In: Nature Communications, Vol. 6, No. (Art. No: 7734), 2015, p. 1 - 15.

Research output: Contribution to journalArticleResearchpeer-review

TY - JOUR

T1 - Metabolite-sensing receptors GPR43 and GPR109A facilitate dietary fibre-induced gut homeostasis through regulation of the inflammasome

AU - Macia, Laurence

AU - Tan, Jian

AU - Vieira, Angelica T

AU - Leach, Katie

AU - Stanley, Dragana

AU - Luong, Suzanne

AU - Maruya, Mikako

AU - McKenzie, Craig

AU - Hijikata, Atsushi

AU - Wong, Connie H Y

AU - Binge, Lauren Clare

AU - Thorburn, Alison N

AU - Chevalier, Nina

AU - Ang Kim Lian, Caroline

AU - Marino Moreno, Eliana

AU - Robert, Remy

AU - Offermanns, Stefan

AU - Teixeira, Mauro M

AU - Moore, Robert J

AU - Flavell, Richard A

AU - Fagarasan, Sidonia

AU - Mackay, Charles R

PY - 2015

Y1 - 2015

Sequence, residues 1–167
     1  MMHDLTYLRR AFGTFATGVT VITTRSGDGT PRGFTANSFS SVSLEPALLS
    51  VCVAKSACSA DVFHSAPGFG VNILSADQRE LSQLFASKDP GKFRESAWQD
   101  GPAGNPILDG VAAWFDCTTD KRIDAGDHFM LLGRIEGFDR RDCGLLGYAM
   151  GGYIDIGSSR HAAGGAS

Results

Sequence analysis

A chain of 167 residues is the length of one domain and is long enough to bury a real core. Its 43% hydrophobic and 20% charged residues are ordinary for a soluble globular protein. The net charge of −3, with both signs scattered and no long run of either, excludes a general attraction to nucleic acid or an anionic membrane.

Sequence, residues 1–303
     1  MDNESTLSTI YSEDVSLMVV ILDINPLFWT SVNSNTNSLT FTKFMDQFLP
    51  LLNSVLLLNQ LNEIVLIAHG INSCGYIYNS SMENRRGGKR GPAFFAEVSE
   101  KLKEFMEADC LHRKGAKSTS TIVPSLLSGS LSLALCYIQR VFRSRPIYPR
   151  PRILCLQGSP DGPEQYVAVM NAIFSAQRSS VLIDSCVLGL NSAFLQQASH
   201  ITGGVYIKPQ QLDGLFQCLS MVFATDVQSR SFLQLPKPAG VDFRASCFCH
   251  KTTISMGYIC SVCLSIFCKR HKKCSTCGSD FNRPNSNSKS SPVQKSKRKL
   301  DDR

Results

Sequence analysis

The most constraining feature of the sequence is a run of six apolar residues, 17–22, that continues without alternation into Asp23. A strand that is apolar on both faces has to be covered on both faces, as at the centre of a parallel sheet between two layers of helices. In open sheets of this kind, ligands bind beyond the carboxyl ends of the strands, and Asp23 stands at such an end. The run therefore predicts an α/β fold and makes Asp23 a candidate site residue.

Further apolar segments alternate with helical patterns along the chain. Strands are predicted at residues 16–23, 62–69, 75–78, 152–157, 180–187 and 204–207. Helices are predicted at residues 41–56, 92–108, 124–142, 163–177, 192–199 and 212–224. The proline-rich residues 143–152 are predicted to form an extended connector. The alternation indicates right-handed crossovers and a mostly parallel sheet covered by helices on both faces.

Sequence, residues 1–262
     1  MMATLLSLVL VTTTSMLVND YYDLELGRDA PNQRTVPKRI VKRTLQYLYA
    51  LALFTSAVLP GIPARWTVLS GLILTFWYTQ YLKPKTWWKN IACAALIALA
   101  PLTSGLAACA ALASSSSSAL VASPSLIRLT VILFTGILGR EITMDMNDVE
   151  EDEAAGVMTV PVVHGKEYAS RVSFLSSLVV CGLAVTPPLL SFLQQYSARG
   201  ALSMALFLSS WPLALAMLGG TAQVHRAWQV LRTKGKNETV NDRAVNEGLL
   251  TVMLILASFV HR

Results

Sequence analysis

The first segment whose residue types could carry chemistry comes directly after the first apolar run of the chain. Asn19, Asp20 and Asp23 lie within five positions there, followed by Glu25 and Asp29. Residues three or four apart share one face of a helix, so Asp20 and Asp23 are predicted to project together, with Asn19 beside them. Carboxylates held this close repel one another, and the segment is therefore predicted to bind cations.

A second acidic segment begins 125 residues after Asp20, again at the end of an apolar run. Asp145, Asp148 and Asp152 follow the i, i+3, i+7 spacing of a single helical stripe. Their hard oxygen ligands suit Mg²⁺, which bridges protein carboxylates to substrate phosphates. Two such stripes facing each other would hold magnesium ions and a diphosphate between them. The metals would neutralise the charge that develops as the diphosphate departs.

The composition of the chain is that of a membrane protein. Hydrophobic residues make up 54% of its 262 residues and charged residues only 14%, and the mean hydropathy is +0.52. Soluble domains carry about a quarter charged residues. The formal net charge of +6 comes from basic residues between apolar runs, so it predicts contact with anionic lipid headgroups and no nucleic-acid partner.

N2 - Diet and the gut microbiota may underpin numerous human diseases. A major metabolic product of commensal bacteria are short-chain fatty acids (SCFAs) that derive from fermentation of dietary fibre. Here we show that diets deficient or low in fibre exacerbate colitis development, while very high intake of dietary fibre or the SCFA acetate protects against colitis. SCFAs binding to the metabolite-sensing receptors GPR43 and GPR109A in non-haematopoietic cells mediate these protective effects. The inflammasome pathway has hitherto been reported as a principal pathway promoting gut epithelial integrity. SCFAs binding to GPR43 on colonic epithelial cells stimulates K(+) efflux and hyperpolarization, which lead to NLRP3 inflammasome activation. Dietary fibre also shapes gut bacterial ecology, resulting in bacterial species that are more effective for inflammasome activation. SCFAs and metabolite receptors thus explain health benefits of dietary fibre, and how metabolite signals feed through to a major pathway for gut homeostasis.